7 and secondary observer were comparable, therefore, only the observations completed by the primary observer were analyzed. Information was collected at 15 beaches during the entire 2012 swim season. Although statistical analyses were not possible or inappropriate for Foster, Montrose, Oakwood, 63 rd Street, 57 th Street, and South Shore Beaches, a descriptive evaluation between the mean number of HY, AHY, and total gulls is important to communicate. Gull use totals at Foster, Montrose, 57 th Street, and 63 rd Street Beaches were altered due to gull harassment activities during our study period. On a trial basis, dispersal of gulls via canine harassment was conducted at Foster beach in 2006 and 2007 and at 63 rd Street Beach in A full time harassment program was then implemented at 57 th and 63 rd Street Beaches during the entire 2008 swim season from dawn to dusk. In 2009, canine harassment did not take place at Chicago beaches. During 2010, 2011, and 2012 a full time canine harassment program was employed at 63 rd Street Beach with intermittent visits taking place at 57 th Street Beach. Observations of 63 rd Street Beach were conducted during canine harassment and pre-harassment periods for each week of our 2012 study period. We examined the differences in gull use at 63 rd Beach including nearby breakwalls before and during harassment periods. Furthermore, in 2012 an intermittent harassment program took place for the first time at Montrose Beach. Observations at Montrose Beach included the Important Bird Area (IBA) and the adjacent public beach. The IBA at Montrose is a designated habitat recognized by the National Audubon Society that protects breeding, wintering, and/or migrating birds. For that reason, canine harassment activities did not take place in the IBA and were limited to the public bathing portion of the beach. Differences in gull use at Montrose Beach and the IBA were examined during harassment and non-harassment periods. To minimize potential effects canine dispersal of gulls may have had on gull use of beaches and the associated observational data, Foster, Montrose, 57 th Street, and 63 rd Street Beaches were excluded from statistical analysis. Observations occurred at Oakwood and South Shore Beaches during 2010, 2011, Surveys were not conducted during the first three years of the study period and therefore comparisons were limited to descriptive assessment for changes in gull use. The Dime Pier nesting colony was observed periodically after oiling operations during the swim season. Fledge date, HY development, and gull movement patterns were observed and recorded for assessment. Swim advisories on Chicago s beaches The CPD regularly examines nearshore water quality at beaches in Chicago. In 2012, the CPD no longer issued swim bans based on water quality test results. Alternatively, CPD followed United States (U.S.) Environmental Protection Agency (EPA) recommended guidelines and issued swim advisories when E. coli results were above the federal threshold. Following U.S. EPA guidance, swim advisories were implemented in Chicago when the geometric mean of two E. coli sample readings exceeded the threshold of 235 most probable number (mpn) per 100 ml of sampled beach water. Although terminology for reporting swim bans and swim advisories have changed, the methodology used to collect water quality samples has remained unaffected throughout the period covered in this report. Thus, water quality data from 2006 was used as a pretreatment baseline and test results trends were examined across the six years of nest management. The proportion of water quality tests exceeding 235 mpn/100 ml at 14 beaches were compared for the swim seasons between (Table 2). This approach avoids conflict in inferences relative to the number of days during the week that a swim advisory was in place. Of most interest were comparisons for each beach between the pretreatment year (2006) and the final year of treatment in this study (2012). In addition to the 14 beaches, comparisons were made for the four beaches (Foster, Montrose, 57th Street, and 63rd Street) influenced by canine harassment activities during our study period. The extent of canine involvement is illustrated in Table 2. 7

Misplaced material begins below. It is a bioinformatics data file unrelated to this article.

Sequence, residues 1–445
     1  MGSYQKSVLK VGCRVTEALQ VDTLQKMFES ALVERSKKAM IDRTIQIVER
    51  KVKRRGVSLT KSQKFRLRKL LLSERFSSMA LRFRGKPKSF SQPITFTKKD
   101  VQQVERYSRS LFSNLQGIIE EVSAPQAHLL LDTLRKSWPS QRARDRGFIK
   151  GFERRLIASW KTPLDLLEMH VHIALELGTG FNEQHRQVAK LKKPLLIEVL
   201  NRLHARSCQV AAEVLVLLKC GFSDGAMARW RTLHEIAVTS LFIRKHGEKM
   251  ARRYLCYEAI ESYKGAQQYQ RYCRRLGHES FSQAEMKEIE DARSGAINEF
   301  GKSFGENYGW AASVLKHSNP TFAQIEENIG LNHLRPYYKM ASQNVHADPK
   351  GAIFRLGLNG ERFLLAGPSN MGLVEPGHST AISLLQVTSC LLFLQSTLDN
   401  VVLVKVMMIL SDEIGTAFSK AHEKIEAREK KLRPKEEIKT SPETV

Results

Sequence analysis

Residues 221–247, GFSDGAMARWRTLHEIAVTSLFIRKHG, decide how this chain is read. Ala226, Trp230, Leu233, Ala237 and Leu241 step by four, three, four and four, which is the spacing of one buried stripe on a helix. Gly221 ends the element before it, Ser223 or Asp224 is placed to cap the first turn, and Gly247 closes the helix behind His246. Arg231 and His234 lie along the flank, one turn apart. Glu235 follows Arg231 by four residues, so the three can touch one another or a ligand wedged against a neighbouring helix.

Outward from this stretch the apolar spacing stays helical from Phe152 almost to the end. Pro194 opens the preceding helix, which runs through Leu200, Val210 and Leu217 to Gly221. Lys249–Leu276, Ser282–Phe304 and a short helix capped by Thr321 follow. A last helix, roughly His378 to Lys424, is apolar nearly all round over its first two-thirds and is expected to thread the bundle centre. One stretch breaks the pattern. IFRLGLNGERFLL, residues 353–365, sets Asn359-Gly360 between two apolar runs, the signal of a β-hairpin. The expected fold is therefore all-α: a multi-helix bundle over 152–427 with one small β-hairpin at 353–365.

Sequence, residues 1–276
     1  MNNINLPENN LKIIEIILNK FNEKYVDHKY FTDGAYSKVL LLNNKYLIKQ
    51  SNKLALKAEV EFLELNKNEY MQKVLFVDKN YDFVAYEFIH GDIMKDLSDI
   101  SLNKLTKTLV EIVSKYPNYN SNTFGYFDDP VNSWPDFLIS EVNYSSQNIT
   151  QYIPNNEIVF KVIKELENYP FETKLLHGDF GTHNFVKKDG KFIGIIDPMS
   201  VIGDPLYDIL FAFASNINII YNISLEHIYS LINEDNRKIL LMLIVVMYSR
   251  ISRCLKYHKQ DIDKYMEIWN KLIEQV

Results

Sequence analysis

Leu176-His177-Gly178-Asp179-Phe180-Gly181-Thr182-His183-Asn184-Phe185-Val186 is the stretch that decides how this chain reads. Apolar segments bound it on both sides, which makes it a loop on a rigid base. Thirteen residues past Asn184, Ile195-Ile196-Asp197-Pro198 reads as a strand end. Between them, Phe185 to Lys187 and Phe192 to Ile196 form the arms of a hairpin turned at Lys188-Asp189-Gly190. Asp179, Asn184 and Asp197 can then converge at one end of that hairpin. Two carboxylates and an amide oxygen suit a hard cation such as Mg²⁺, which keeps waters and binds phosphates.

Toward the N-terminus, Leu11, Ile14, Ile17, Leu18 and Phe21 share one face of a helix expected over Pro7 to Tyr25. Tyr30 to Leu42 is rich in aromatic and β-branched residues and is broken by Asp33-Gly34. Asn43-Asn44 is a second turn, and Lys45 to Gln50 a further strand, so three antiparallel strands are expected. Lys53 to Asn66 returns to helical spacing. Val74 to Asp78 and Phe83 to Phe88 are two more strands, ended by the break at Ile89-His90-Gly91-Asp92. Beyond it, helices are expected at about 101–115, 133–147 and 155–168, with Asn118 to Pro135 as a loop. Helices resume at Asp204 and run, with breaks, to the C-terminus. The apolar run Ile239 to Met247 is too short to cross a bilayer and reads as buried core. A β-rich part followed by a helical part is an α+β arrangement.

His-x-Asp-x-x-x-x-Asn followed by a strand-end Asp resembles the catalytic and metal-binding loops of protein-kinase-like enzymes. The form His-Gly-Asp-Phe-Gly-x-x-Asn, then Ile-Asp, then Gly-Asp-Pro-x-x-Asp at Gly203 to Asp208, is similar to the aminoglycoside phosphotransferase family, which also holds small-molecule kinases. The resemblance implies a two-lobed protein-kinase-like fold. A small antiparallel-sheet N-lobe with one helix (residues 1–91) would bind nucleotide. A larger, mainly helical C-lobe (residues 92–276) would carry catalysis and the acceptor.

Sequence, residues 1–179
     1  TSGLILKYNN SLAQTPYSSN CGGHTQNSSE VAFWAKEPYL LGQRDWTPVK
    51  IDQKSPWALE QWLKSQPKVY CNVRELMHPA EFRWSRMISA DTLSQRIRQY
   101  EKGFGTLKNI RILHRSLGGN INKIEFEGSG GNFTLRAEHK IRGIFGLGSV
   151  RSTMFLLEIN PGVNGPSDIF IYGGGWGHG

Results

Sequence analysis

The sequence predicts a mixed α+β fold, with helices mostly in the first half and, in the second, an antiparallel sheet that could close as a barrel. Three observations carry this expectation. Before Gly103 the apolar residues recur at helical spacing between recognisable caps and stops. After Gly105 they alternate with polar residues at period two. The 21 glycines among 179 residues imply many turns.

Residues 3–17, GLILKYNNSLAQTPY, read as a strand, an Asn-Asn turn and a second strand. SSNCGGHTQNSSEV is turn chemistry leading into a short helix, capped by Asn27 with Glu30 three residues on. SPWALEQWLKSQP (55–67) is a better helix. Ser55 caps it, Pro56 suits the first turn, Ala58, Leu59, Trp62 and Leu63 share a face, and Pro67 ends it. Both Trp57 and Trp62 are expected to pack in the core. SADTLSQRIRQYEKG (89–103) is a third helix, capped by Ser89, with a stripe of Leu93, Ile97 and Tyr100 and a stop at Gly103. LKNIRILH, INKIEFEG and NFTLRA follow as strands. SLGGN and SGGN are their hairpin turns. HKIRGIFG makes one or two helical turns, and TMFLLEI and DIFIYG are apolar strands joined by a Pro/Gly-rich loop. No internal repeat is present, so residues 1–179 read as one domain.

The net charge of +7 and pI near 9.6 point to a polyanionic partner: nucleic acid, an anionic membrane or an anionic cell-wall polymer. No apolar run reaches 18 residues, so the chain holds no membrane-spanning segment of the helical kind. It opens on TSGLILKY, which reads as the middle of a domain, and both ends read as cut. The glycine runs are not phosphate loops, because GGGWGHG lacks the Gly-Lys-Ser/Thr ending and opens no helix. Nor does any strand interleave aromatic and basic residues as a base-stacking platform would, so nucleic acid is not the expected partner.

8 RESULTS Egg oiling and nesting chronology at Dime Pier and Lake Calumet On April 12, USDA-WS observed nests with eggs for the first time at the Dime Pier colony. Four egg oiling treatments occurred between April 23 and June 13. Approximately 85% of the nests were treated at Dime Pier (4,055 nests containing 10,408 eggs) (Table 3, Figure 3). In 2012, the colony size at Dime Pier decreased by 344 nests (-7%) in comparison to Approximately 1,000 gulls were witnessed utilizing the Lake Calumet colony on April 4 and April 11. Two weeks later, during a subsequent visit to the Lake Calumet region, gulls were no longer occupying the Lake Calumet dike. Upon further assessment, USDA-WS personnel identified six ring-billed gull nests on the nearby Gull Island. Nests on Gull Island were omitted from management activities during The Lake Calumet colony was initially abandoned during the 2010 nesting season, while partly returning in During both the 2010 and 2012 nesting season vegetation was visibly denser. The total number of nests available to effectively manage in Chicago changed once again due to the abandonment of the Lake Calumet nesting site. Compared to 2011, there were 3792 (-44%) fewer total nests at the Dime Pier and Lake Calumet colonies (Table 3). Gull chicks were first observed during the second retreatment on May 9 at Dime Pier. The first observation of a fledged HY gull occurred during a survey on June 25. The number of HY gulls observed on beaches continued to increase through observation periods 5-9. Based on increased HY gull beach use during observation block 6 and site visits to the Dime Pier colony, USDA-WS estimated a mean fledge date of July 7 for HY gulls from the managed colonies in Chicago. Minimizing conflicts from rooftop nesting populations On April 16, during the aerial survey, approximately 770 km 2 (298 mi 2 ) of Cook County were surveyed for gull colonies. During aerial observations one unknown nesting site was identified. Furthermore, locations of previously identified sites were surveyed to reconfirm gull use (Figure 2). This new nesting site was located within 4.5km (2.8mi) of five Chicago beaches (Juneway, Rodgers, Howard, Jarvis, and Leone/Loyola) in adjacent Lincolnwood, IL. During three visits to the Lincolnwood rooftop, 89 ring-billed gull nests and 191 herring gull nests were treated and removed. Nests were once again managed at the three rooftop locations that were identified during the 2011 aerial survey (Midway1, Midway2, and Jardine Water Purification Plant). As was the case during 2011, USDA-WS determined that nesting should be discouraged at the sites and therefore 100% of the nests were treated or removed (Hartmann et al. 2012). Additionally, to discourage nesting at the Jardine Water Purification Plant, flagging tape and avian distress call boxes were installed prior to the nesting season. During the first visit to the site on April 12, gulls were observed loafing only on sections of the rooftop without the flagging tape. On subsequent visits, nests were located on rooftop sections with the call boxes. No nests were identified near the flagged portion of the rooftop. During three oiling treatments, 885 ring-billed gull nests and 37 herring gull nests were managed. USDA-WS returned to the rooftop on June 7 to remove the previously oiled eggs and remaining nesting material. Two rooftops nesting sites (Midway1 and Midway2) located on warehouses were in close proximity to Midway International Airport. USDA-WS removed the nests rather than oiling the eggs to promote early abandonment of the sites to decrease the potential risk of gull/aircraft collisions. During a period of four visits to Midway1, 768 ring-billed gull nests and 65 herring gull nests were removed. The greatest number of nests removed during a single visit occurred on May 25 when 340 ring-billed gull nests and 26 herring gull nests were removed. Over a period of four visits to Midway2, 1 ring-billed gull nest and 14 herring gull nests were removed. The greatest number of nests removed during a single visit occurred on May 25 when 1 ring-billed gull nest and 4 herring gull nests were removed. A total of 1,743 ring-billed gull nests and 307 herring gull nests were removed from the four rooftop colonies (Table 4). While nest removal was in progress, gulls were observed establishing new nests after their initial nests were destroyed. Therefore, it is highly likely that the number of nests removed was greater than the actual colony size. 8